I am a pretty black and white, “Just the facts, Ma’am” type of guy. Part of that is my nature and part of it is the fact that I stayed in school long enough that they gave me a fancy degree if I would just go away. That’s not completely accurate but may be closer than I want to admit.
The scientific method is, well, methodical. It forces investigators to identify problems, gather facts and synthesize explanations and implications, ideally without personal bias interjected into the proceedings. I hardly ever trust anyone who claims to be unbiased since we all have our biases about many, many things. At best, I believe I can only claim to try to be objective in the face of my biases and I will tell you what those biases are up-front as best I can. I’m not sure anyone can do much more than that.
All of this is offered to make the case that I can be a cold, hard facts person. Most of the time I can remove emotion from the equation. That is not always the case, but I think I’m reasonably good at taking objective views of matters in the “dismal science” of economics.
And then something like the letter I received last week comes along.
The profit situation for hog producers is dire, as all of you know all too well. CME Group futures for Lean Hogs (LH), Corn and Soybean Meal as of mid-morning on Monday, Sept.10, imply 2012 full-year losses averaging $14.60 per head and 2013 full-year losses averaging $19.19 per head. The 2012 figures include some losses this fall over $45/head. The 2013 figures include NO profitable months even with summer 2013 LH futures over $97.
Some think this situation will be the worst for big operations that buy all, or virtually all, of their feed. And there are some that may even think those companies (and/or family farms that have grown huge) might just deserve what they are getting. We need to be very careful about both.
The letter I got last week was from a small Missouri producer. He sent a copy of an article that was published last year that included a couple of quotes from me. I usually hate it when people start a comment with “Remember when you said . . .,” or, “I saw an article you wrote last year . . .” Very seldom are the next lines complimentary of my intelligence. It comes with the territory, I suppose.
This article was titled, “Livestock Producers Fear Ethanol Eating their Lunch by Gobbling up Too Much Corn.” The producer had circled or underlined several passages that addressed corn usage, the impact that a short crop might have, etc. Two circled passages were from me:
“If we get a short crop, the ethanol industry does not participate in rationing and the brunt will fall on livestock and poultry.”
“A 20% decline in the harvest would be enough to force corn rationing and lead to feed shortages. That would leave livestock farmers with little choice. We can’t shut down feeding. The only way to do that is to kill the animals.”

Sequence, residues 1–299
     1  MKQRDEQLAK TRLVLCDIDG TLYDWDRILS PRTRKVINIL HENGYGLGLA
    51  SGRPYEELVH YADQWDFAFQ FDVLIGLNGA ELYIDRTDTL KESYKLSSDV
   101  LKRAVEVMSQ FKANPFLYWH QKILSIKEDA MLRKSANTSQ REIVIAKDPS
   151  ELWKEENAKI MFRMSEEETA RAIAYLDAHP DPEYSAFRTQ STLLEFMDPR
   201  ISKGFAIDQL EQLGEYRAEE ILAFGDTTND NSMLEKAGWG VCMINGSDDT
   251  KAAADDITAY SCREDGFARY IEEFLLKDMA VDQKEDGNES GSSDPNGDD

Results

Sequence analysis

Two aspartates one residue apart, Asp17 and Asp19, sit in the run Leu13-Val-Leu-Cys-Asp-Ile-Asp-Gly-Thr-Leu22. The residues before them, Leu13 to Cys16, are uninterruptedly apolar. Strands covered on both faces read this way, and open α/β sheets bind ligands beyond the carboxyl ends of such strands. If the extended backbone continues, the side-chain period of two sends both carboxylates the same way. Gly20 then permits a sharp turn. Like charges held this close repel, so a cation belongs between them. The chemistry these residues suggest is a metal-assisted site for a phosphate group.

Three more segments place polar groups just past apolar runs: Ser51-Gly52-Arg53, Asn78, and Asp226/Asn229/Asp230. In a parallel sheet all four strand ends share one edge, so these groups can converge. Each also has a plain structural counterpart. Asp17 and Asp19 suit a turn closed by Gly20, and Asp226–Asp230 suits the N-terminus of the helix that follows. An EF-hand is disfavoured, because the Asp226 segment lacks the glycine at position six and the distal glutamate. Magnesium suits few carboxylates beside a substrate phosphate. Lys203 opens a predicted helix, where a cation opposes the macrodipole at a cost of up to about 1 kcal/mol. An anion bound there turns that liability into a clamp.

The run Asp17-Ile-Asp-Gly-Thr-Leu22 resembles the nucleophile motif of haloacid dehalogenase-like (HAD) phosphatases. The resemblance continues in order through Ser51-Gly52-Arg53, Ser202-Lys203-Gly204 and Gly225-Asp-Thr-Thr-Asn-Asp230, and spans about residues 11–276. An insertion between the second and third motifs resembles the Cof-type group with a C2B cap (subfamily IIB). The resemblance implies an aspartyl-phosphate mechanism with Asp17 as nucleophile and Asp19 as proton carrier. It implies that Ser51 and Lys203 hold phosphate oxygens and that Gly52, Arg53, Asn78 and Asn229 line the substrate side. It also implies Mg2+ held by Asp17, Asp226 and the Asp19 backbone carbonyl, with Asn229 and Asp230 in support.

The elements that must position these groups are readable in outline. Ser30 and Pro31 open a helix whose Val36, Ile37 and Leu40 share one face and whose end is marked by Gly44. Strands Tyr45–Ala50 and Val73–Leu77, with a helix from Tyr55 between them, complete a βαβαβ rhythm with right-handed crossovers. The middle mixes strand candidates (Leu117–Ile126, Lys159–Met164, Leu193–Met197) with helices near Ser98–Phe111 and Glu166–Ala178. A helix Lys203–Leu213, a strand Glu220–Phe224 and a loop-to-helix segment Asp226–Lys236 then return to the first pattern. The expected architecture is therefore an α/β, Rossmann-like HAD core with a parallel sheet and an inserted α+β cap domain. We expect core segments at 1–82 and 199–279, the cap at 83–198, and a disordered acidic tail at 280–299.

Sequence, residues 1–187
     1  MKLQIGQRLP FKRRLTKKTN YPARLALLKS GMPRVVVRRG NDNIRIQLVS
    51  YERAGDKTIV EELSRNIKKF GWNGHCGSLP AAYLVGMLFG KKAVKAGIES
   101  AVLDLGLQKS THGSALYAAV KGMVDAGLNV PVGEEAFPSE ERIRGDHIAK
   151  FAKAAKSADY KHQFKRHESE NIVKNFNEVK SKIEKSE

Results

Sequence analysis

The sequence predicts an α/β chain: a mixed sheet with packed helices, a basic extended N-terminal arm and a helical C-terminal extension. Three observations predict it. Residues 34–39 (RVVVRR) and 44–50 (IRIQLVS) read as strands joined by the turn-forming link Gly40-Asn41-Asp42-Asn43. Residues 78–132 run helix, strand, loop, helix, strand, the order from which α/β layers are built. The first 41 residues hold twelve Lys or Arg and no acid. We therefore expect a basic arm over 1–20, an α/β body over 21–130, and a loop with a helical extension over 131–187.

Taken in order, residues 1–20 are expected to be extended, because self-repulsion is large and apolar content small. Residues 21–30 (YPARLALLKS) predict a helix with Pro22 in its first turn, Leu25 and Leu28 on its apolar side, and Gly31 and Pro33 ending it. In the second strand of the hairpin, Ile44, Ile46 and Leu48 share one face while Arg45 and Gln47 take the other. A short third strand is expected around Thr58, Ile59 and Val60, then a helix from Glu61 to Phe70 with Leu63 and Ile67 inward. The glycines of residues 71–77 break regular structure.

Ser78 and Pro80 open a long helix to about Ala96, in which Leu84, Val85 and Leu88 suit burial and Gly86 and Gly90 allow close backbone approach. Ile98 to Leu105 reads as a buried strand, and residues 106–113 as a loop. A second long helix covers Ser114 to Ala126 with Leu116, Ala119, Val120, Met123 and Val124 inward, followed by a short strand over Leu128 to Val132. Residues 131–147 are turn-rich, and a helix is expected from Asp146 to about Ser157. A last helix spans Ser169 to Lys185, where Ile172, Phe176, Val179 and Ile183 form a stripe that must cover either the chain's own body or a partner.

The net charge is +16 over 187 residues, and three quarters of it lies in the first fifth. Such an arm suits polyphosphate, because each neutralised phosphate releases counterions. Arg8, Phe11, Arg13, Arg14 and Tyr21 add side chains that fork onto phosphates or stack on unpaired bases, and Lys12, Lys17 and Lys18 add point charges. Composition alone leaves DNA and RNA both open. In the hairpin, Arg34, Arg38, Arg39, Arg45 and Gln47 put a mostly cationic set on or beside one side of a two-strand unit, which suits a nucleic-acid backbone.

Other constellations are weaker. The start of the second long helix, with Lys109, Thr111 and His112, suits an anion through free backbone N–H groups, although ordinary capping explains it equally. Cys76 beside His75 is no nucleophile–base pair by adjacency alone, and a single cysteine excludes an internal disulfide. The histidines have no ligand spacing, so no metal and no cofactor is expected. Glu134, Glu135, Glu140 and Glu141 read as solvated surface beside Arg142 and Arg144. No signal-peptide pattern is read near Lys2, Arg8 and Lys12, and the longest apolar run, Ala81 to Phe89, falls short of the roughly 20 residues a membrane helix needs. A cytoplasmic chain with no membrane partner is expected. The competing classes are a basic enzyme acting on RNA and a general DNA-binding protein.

Let me first clarify a couple of things. First, the sentence should have said, “The ethanol industry cannot fully participate in rationing.” Make no mistake, the ethanol sector is cutting back, but it will do so only as far as the Renewable Fuel Standard (RFS) and the RINS (credits for past blending above the required levels) it has generated allow. Why not let the market decide that?
Second, “rationing” here was meant to imply that the market would work to spread available supplies over time, not that some government program would kick in to say who gets what. We will not run out of corn or soybeans as a country, but there will be places where shortages occur and life could be tough if you are in one of them.
And it has all come true this year. This producer wrote about selling his cattle and sows recently and seeing two other nearby farmers at the buying station on the day he shipped the sows. It’s not just the big guys getting hurt.
I have no idea how much education this producer has, but the real meaning of this situation did not escape him. He wrote: “Hamburger and sausage will be $10 a pound next year. Only the rich will be able to eat meat. I think ethanol already ate our lunch.”
And yet we are accused by the ethanol lobby of being opportunists who are using the drought as an excuse to tear down ethanol policy. I’m not sure how that can be true when most of us have said the same thing for years: Put all buyers of corn on an equal footing and let the market decide where corn will go. This year, that market would still put 4 billion-plus bushels of corn into ethanol. But the market would allow that usage to fall if oil and gasoline prices move lower. The RFS limits the extent of such a decrease even with RINS available.
My favorite from the e-lobby is this one, “The government shouldn’t be deciding winner and losers.” I believe it already has and my letter-writing friend from Missouri is one of the losers. Sadly, he has a lot of company. Many with limited means may join his ranks. Beans, anyone?